The company has been witnessing a consistent decline in its hydrocarbon production in the recent past. The hydrocarbon production totaled 3,170 thousand barrels per day in 2008. This was 2% lower than the production in 2007 and 7% lower than in 2006. The decline in production is attributed to field declines, lower volumes, price impacts of production-sharing contracts, the effects of the hurricanes in the US Gulf of Mexico, and the planned maintenance turnarounds in the UK related to the shutdown gas processing facilities. The field declines affected oil production in the Australia, Brunei, Denmark, Nigeria, Norway, the UK, and the US during 2008. In addition, natural gas production was affected by declining fields in Brunei, Germany, Malaysia, the US, and the UK. Declining production would adversely affect the company’s revenue growth.
Shell faced an administrative action in 2008. Shell was fined $109,600 by Washington’s Department of Labor and Industries, in June 2008. The company was fined for multiple safety violations in its Anacortes refinery. The refinery is the second largest of the four major facilities supplying gasoline and other petroleum products to the Puget Sound region. The department cited 23 violations ranging from inadequately instructing operators on how to deal with emergencies to faulty inspections.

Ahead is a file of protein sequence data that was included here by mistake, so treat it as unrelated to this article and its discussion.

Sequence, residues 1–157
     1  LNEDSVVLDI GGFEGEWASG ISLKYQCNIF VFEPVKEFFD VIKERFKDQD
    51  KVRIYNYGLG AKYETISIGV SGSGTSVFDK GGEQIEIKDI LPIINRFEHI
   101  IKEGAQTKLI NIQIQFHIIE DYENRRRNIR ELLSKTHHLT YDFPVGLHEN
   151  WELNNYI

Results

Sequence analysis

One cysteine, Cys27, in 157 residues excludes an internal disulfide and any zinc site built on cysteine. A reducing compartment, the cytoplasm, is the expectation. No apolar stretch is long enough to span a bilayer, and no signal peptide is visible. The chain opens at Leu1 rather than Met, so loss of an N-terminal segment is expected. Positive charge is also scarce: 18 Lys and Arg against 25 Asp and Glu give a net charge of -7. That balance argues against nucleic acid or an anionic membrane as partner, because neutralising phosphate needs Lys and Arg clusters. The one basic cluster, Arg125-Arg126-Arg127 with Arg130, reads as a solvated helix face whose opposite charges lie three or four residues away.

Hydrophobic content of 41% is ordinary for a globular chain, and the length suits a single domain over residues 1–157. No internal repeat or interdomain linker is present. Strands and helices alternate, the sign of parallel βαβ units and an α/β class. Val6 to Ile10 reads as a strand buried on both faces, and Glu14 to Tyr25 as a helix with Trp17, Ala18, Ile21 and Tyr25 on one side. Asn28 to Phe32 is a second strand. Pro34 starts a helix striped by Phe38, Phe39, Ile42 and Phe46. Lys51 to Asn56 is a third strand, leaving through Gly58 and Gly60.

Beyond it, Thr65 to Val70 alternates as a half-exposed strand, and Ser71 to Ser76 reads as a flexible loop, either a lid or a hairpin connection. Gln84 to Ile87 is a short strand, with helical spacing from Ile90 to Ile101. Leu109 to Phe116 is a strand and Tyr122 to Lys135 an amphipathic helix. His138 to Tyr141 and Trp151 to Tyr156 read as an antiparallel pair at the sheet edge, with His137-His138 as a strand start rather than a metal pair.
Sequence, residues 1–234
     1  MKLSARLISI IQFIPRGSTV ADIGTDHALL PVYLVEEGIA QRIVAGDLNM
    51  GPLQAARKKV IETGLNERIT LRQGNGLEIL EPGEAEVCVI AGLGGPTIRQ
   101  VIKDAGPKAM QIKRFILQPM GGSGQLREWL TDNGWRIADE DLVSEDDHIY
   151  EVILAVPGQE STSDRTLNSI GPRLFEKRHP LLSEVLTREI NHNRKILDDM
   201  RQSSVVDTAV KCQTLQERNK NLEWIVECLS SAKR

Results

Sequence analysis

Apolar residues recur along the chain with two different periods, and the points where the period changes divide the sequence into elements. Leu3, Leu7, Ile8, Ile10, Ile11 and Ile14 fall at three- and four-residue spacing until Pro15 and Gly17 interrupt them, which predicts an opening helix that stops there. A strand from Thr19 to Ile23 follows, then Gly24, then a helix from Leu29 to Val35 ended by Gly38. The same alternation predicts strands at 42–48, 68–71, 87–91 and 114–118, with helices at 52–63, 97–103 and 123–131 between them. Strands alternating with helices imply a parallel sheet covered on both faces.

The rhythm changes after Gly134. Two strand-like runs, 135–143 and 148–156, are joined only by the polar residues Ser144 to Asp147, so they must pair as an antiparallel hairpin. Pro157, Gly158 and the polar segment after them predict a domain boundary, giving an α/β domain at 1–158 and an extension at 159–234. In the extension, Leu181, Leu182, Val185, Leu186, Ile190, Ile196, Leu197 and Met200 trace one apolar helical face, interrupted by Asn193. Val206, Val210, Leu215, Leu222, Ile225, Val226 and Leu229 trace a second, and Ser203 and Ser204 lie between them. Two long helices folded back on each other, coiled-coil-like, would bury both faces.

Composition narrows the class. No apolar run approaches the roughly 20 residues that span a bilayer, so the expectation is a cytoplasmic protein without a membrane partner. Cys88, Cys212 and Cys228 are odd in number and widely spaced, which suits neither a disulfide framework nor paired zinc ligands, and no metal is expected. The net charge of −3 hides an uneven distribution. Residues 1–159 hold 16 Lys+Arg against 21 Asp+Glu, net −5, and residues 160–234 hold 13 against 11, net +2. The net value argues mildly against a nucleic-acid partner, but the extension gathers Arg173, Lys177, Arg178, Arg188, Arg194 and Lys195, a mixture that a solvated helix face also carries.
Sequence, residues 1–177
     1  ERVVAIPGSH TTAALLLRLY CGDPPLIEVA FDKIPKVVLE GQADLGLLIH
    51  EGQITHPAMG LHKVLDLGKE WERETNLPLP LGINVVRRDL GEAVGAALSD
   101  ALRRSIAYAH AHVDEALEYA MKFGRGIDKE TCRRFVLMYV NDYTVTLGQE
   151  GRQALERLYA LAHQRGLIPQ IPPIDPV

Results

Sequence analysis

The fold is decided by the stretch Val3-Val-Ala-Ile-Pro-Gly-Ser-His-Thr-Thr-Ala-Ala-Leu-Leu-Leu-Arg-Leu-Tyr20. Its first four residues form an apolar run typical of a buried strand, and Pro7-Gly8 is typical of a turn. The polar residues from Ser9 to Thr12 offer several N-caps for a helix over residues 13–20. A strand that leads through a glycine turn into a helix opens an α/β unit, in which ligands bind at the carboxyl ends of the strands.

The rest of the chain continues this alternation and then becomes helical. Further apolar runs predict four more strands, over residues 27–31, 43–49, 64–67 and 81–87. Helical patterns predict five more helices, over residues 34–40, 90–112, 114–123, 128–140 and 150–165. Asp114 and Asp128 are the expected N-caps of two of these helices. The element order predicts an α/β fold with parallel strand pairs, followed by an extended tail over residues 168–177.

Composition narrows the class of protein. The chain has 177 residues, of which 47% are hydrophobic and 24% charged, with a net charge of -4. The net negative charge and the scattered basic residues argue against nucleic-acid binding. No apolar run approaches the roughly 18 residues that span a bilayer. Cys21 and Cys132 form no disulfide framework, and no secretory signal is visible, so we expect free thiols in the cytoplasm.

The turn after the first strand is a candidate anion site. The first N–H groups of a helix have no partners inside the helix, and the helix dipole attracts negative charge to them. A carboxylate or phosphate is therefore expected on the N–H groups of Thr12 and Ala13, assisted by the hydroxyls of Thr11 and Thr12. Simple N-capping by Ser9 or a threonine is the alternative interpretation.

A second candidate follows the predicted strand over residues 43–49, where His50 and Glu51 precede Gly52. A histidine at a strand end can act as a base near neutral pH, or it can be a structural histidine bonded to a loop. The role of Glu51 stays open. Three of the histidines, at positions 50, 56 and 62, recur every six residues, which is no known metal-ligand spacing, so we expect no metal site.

Shell paid $120 million in June 2008, to settle a class action lawsuit led by the Pennsylvania State Employees’ Retirement Board and the Public School Employees’ Retirement Board. There was an allegation against Shell of overstating oil and natural gas reserves and artificially inflating stock prices over a five-year period from April 1999 to March 2004. In 2004, Shell admitted to have overstated its oil reserves by about 20%, 3.9 billion barrels. Many of the company’s executives lost their jobs, including chief financial officer Judy Boynton. In April 2007, Shell agreed to pay $352.6 million, plus administrative costs, to settle a lawsuit with investors outside the US who purchased the company’s shares. In May of 2009 Shell settled a $15 million dollar civil rights lawsuit in Nigeria. They were accused of paying soldiers to abuse locals in predominantly oil rich regions in Nigeria. Such huge penalties can have negative effects on the company’s profitability as well as Shell’s overall reputation.